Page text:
140: Minutes in the car logged.

80: Percentage of that time spent on lovely Ashland Avenue. Ugh.

1: The number of text messages I sent to Matt in desperation that read: “I NEED A MINIVAN!!!” after trying to squeeze three children in the back of our station wagon (with each in a car seat or booster). I had to jam them in their seats closer and closer together until each of us had either scratched or pinched a finger. No joke. I love our Subaru but let me tell you: there is really no solution to our carpooling situation that does not start with the word “mini” and end in the word “van”. And yes, this is from the woman who once bet friends back in 2000 that if she ever bought a minivan she’d pay them $100,000. Thanks to that bet, it’s going to be one pricey vehicle for us, but worth every penny. (Note to the Smalls: the Talls are going to have to write you a BIG check soon.)

Potty Time

I am often amused by the data on my site feed. The real gems are the Google searches. For example, today someone Googled the phrase “modesty in the bathroom” and got a post on my blog.

That rules.

I am all about the bathroom.

Salvation Army Sucks!! (A Rant Vent)

I just need to take a moment here to vent about my morning.

Some background: we are still officially renting our old house on Fletcher St. because we’re in a lease and that piece of junk house hasn’t sold yet. (I can call it a piece of junk now that we live in our lovely new home.) I like to think of it as our second home, except usually that would be the one at the beach, so it doesn’t totally work. Anyway. Because we don’t have to be out of there until the end of June, we have been in no hurry to get it completely empty and clean. We left a few items that either need to be sold or given to charity. Honestly, there’s been enough to do in the new house to keep us more than busy.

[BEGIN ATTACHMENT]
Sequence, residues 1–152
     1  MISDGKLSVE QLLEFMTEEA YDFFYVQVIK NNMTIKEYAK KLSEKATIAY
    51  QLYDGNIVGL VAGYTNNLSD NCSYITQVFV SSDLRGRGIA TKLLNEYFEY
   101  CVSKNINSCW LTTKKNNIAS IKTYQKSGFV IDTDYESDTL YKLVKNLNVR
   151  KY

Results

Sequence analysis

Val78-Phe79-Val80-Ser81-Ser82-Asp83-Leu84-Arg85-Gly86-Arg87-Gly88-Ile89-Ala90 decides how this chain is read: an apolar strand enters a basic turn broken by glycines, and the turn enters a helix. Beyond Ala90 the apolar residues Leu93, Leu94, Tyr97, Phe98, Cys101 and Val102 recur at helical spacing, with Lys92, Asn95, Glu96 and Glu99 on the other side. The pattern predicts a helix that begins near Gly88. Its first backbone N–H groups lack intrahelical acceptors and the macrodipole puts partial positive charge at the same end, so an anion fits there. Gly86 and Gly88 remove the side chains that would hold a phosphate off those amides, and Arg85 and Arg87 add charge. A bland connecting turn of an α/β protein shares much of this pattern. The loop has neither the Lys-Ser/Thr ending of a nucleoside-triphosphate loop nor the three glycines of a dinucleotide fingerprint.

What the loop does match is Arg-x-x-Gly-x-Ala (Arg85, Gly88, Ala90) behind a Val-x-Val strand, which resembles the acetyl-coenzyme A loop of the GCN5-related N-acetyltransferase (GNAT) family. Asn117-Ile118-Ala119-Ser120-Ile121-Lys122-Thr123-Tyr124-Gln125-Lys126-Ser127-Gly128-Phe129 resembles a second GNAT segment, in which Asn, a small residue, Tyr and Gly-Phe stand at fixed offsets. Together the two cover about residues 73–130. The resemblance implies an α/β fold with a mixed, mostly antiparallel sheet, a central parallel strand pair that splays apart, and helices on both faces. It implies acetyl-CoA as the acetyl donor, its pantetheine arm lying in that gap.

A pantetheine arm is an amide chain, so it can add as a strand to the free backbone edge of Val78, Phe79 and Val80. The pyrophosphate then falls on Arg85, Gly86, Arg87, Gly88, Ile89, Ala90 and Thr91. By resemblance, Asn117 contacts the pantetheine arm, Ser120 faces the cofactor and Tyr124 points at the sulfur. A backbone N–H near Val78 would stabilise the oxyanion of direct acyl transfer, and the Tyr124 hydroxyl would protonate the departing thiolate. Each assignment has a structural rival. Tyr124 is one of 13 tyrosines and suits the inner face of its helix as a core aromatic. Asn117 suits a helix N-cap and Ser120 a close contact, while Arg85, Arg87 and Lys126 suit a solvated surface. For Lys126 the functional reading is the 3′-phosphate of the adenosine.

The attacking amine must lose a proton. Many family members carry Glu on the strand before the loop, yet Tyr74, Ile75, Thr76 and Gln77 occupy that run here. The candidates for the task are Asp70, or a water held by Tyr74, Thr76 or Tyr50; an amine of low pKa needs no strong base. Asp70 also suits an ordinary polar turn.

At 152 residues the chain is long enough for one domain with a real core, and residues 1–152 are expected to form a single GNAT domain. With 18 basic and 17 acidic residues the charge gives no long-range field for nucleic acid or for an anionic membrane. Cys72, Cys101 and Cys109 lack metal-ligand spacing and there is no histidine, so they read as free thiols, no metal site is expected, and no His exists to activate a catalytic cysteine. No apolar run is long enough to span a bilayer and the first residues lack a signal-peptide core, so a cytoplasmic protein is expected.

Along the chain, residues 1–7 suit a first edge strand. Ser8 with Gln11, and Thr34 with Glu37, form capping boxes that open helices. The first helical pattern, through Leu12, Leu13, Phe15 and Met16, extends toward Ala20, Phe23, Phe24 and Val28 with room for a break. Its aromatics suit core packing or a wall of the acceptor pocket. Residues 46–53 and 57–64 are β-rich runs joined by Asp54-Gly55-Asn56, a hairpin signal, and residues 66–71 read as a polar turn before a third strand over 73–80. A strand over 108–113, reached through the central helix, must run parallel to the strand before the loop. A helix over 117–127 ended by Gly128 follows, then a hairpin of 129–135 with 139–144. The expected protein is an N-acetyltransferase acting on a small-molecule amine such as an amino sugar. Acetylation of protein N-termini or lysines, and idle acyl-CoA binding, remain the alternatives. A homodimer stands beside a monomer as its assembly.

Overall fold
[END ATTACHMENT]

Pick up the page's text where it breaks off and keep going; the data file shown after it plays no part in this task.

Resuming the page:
Matt went to the old house the other day and discovered the owners had refinished the floors and repainted the place. Would’ve been nice if they’d told us this was going on – we are still renting it, after all – but whatever. Anything that gets it sold faster could help us. And I love that those dorks have tried to beautify the interior and yet the front stairs are lined with planters. Planters filled with dead leaves and cigarette butts. Now that‘s attractive to a buyer, wouldn’t you say? Is it any wonder that place has been on the market since last July? But I digress.

So I decided last week that I have an urgent need to have that place empty. I want to be done with it. I don’t want to drive by and see our floor lamp in the window anymore.

I called the Salvation Army pick-up truck service yesterday and they set up a pick-up for today. Perfect! I would be available all morning or Matt could be there in the afternoon. They told me to call at 9 AM to find out if we were a morning pick-up or afternoon. So far, so good. I couldn’t wait to get that old stuff out of there!